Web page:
Ano natsu, ichiban shizukana umi (A Scene at the Sea) (1991)
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Ano natsu, ichiban shizukana umi (A Scene at the Sea) Photos
Critic Reviews for Ano natsu, ichiban shizukana umi (A Scene at the Sea)
Having directed two crime films, Japanese director Takeshi 'Beat' Kitano downshifted in 1991 with A Scene at the Sea, a simple and direct fable.
Audience Reviews for Ano natsu, ichiban shizukana umi (A Scene at the Sea)
'A Scene At The Sea' is a practice in beautiful, saddening subtlety; it takes the minimalistic aspects of Kitano's earlier directorial efforts 'Violent Cop' and 'Boiling Point' and strips them of any semblance of violent threat in order to touch viewers in a different, yet very similar way. 'Mono no aware' is a Japanese term that refers to the impermanence of things and the quiet melancholy that accompanies such transience. This concept plays a heavy role in 'A Scene At The Sea (Ano natsu, ichiban shizukana umi) and is an important part of understanding the subtlety of director Kitano's work. The plot begins with deaf protagonist Shigeru finding a surfing board whilst carrying out his job as a garbage man and deciding to fix it. Accompanied by his similarly disabled girlfriend, Takoko, Shigeru slowly begins to fall in love with surfing and looses sight of both his job and Takoko's affection. Due to their being deaf not a single word is spoken by either Shigeru or Takoko throughout the film's entirety, allowing Kitano to focus on the unspoken beauty of situations and the transient nature of existence. Shots are still and long (often lasting for minutes) and cinematographer Katsumi Yanagijima frames every shot as if it's a painting hanging on the wall of a prestigious gallery, Joe Hisashi's poignant soundtrack is used heavily throughout adding a sense of drama usually only achievable through words and Kitano's eye for visual majesty is at it's best. Other then the aforementioned aspects it's hard to describe 'A Scene At The Sea' in a justifiable manner, there's a couple of surfing competitions, a sense of calmness, and no real substantial threat, but this is what makes it so powerful, and, ultimately tragic. It's more then just an ode to surfing, it's an ode to life.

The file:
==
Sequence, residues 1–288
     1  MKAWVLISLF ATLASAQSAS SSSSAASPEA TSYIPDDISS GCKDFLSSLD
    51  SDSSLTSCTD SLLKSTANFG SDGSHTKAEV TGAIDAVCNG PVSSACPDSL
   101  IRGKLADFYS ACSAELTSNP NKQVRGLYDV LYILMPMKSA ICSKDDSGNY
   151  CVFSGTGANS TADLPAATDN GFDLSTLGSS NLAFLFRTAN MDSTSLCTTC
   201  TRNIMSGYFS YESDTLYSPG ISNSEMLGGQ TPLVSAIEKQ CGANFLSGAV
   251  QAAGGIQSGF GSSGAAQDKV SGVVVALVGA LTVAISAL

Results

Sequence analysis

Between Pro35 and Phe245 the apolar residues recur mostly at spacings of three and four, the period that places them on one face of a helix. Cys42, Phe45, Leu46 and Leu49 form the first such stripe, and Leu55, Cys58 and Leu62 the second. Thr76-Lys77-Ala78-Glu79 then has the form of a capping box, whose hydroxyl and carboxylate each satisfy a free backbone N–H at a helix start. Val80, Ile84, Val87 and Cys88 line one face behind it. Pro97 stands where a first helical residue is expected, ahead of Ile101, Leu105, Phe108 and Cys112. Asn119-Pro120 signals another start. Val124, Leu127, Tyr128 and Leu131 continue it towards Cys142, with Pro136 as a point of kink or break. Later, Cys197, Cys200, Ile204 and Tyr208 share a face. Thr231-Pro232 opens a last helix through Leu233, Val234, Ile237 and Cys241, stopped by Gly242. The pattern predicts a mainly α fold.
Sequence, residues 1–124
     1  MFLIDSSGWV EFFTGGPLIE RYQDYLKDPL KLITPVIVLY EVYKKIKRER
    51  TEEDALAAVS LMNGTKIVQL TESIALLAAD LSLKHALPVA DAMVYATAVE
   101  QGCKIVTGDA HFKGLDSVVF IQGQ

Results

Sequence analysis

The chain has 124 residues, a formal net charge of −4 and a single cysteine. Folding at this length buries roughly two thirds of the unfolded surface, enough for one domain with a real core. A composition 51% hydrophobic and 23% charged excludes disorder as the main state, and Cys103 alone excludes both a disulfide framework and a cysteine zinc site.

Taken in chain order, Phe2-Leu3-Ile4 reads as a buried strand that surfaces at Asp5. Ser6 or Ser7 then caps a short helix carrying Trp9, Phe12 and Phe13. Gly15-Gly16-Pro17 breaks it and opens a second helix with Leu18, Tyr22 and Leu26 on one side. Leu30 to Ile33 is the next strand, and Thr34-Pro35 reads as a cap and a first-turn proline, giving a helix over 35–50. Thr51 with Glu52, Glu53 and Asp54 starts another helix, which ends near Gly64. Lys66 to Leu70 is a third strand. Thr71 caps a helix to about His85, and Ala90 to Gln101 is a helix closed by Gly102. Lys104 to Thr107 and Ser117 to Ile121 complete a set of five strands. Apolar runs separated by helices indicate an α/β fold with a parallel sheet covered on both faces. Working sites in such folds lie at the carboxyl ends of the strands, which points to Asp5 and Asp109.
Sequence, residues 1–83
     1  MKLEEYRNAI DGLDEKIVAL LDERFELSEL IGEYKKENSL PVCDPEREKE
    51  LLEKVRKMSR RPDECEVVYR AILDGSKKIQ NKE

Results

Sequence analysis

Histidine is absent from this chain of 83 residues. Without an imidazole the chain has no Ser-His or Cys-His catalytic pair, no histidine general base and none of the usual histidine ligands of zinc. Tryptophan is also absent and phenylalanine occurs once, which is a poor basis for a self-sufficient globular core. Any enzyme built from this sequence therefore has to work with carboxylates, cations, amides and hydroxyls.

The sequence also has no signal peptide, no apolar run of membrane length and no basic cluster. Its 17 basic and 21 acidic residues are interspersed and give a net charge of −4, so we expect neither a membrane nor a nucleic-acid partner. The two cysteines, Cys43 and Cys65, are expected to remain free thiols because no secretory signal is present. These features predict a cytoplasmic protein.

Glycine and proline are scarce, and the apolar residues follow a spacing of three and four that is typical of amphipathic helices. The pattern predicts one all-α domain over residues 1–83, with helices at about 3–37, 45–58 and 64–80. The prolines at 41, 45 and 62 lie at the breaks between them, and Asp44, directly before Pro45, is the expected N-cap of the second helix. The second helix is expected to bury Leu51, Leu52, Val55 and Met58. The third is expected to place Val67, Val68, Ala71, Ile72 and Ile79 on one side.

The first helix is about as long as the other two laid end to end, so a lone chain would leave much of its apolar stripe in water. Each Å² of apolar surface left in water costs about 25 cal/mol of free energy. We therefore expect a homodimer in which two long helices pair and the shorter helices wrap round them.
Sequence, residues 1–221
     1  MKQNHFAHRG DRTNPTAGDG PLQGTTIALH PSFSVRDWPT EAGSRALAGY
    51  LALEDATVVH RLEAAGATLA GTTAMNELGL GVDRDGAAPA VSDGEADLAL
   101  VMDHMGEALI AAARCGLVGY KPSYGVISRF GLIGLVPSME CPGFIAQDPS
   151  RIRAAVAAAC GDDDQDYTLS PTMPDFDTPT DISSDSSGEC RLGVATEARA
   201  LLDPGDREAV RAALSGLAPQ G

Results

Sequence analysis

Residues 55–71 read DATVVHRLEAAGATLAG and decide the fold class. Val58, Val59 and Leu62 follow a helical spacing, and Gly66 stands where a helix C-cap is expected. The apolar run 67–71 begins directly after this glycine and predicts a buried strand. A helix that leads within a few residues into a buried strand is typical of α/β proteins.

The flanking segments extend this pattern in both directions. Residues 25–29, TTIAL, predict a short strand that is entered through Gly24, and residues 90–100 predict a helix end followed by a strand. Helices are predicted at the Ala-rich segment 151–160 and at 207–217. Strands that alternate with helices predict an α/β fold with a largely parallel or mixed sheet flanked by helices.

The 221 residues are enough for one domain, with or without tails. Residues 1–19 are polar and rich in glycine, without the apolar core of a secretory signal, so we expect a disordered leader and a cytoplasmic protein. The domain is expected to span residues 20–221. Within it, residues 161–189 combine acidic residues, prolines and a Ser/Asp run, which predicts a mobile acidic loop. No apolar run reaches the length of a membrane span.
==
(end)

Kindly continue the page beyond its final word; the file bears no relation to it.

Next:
You have to admire Takeshi Kitano's audaciousness....five minutes in, and i was thinking surely this isn't the whole plot... but yes, it was. A deaf Japanese garbage man learns to surf. That's it. But as with all his films, the joy is in the details and the spaces between the details - especially the silent relationship between Shigeru and his ever-supportive clothes-folding girlfriend. Joe Hisaishi's soundtrack, made up from leftover bits of TOTORO, is a charmer too..
A sweet love story and an ode to surfing without the violence that Kitano was, and is, notorious for. Even without a storyline centering around cops and yakuza, the film is distinctly Kitano. The central characters, Shigeru and Takako are deaf, and they do not utter one word of dialogue in the entire film. As with all of Kitano's films, this is one that makes the viewer slow down and take in the film's style and story. Kitano's trademark minimalism here results in a film that unreels as a series of snapshots of a perfect summer. Heartbreaking, uplifting and simply beautiful.
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